100 young entrepreneurs met up on 18 May 2016 to network with 13 organizations belonging to the Swiss startup ecosystem. The event, which usually takes place at “Dozentenfoyer”, the faculty restaurant of ETH Zurich, is one of the highlights of the CTI Business Concept Startup Courses. For a period of 12 weeks, aspiring startup founders hone their business ideas, present them as part of a STARTUP CAMPUS Connect poster exhibition, and develop their networks in the Swiss startup ecosystem.
The evening began with a welcome speech by Jacques Hefty, Co-Director of STARTUP CAMPUS. He greeted participants and introduced the special guest of the evening, Philip Kornmann, CFO of Advanon. Philip gave a powerful keynote speech which was received with great interest by the audience. The Zurich fintech startup, which manages to grow by 44% every month, has a platform for young entrepreneurs and SMEs that matches them with investors willing to pre-finance their invoices in a straightforward manner. The online platform enables them to improve their liquidity. With its service, Advanon has tapped a business segment that has so far been reserved for banks and invoice factoring companies. Since banks are usually not prepared to fund young enterprises and factoring companies charge hidden fees, Advanon may soon revolutionize the loan business. Philip advises young startups to focus first and foremost on their customers, to be agile and react quickly, and to be persistent. Advanon, for instance, took four months to make its first trade.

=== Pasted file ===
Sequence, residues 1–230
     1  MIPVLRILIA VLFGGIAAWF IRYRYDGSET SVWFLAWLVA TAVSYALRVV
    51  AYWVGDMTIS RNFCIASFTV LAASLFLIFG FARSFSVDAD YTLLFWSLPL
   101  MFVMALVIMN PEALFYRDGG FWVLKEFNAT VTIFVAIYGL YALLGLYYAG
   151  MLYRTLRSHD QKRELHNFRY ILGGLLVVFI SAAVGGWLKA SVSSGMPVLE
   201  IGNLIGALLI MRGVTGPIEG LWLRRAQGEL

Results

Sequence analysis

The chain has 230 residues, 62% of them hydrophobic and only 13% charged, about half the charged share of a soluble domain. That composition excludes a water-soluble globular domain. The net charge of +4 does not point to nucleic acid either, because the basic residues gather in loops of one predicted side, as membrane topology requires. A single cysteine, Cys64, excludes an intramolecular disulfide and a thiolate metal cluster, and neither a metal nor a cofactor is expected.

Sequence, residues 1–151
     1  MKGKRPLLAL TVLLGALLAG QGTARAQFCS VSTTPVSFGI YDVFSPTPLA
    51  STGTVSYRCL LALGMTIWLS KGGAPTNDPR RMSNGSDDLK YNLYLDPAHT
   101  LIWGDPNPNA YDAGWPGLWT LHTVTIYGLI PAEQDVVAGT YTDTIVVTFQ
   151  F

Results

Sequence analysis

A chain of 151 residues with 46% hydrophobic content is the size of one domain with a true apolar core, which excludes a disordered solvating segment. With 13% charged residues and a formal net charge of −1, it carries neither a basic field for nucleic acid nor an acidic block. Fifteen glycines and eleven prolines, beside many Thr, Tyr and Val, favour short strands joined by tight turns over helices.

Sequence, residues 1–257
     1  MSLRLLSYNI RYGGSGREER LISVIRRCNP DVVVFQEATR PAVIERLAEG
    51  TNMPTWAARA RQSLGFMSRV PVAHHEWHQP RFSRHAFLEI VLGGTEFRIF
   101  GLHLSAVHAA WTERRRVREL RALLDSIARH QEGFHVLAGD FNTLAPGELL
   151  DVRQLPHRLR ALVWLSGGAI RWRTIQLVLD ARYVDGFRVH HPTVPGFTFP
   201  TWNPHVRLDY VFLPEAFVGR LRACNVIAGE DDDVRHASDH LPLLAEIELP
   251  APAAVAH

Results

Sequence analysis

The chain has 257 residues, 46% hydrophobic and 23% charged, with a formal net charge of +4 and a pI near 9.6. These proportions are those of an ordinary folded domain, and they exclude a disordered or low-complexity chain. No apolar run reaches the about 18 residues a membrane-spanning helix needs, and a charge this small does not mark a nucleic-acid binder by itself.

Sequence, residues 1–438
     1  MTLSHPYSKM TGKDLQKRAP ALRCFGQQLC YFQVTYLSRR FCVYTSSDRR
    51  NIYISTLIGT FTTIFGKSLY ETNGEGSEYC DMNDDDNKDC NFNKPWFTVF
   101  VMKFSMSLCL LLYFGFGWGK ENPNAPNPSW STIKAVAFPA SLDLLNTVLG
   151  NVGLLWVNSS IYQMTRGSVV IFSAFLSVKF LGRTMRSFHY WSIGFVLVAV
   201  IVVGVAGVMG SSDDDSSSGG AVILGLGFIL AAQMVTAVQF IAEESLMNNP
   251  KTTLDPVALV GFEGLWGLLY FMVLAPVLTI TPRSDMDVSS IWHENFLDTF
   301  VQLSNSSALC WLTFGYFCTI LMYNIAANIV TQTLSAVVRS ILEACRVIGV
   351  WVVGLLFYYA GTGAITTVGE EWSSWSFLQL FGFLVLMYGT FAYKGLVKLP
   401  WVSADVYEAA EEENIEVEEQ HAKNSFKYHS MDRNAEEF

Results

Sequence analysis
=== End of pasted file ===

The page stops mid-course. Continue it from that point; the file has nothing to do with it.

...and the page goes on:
After Philip Kornmann’s keynote speech, the invited organizations introduced themselves. Each organization gave a short pitch presenting its products and services. Of particular interest and a great opportunity for young startup founders was the presence of four investor groups. Like for a silent rave, everything that was said was broadcast via headphones. Participants could listen to the speakers even while enjoying the spectacular view from the sunny terrace overlooking the old city center, and those who preferred to talk among themselves did not disturb anyone.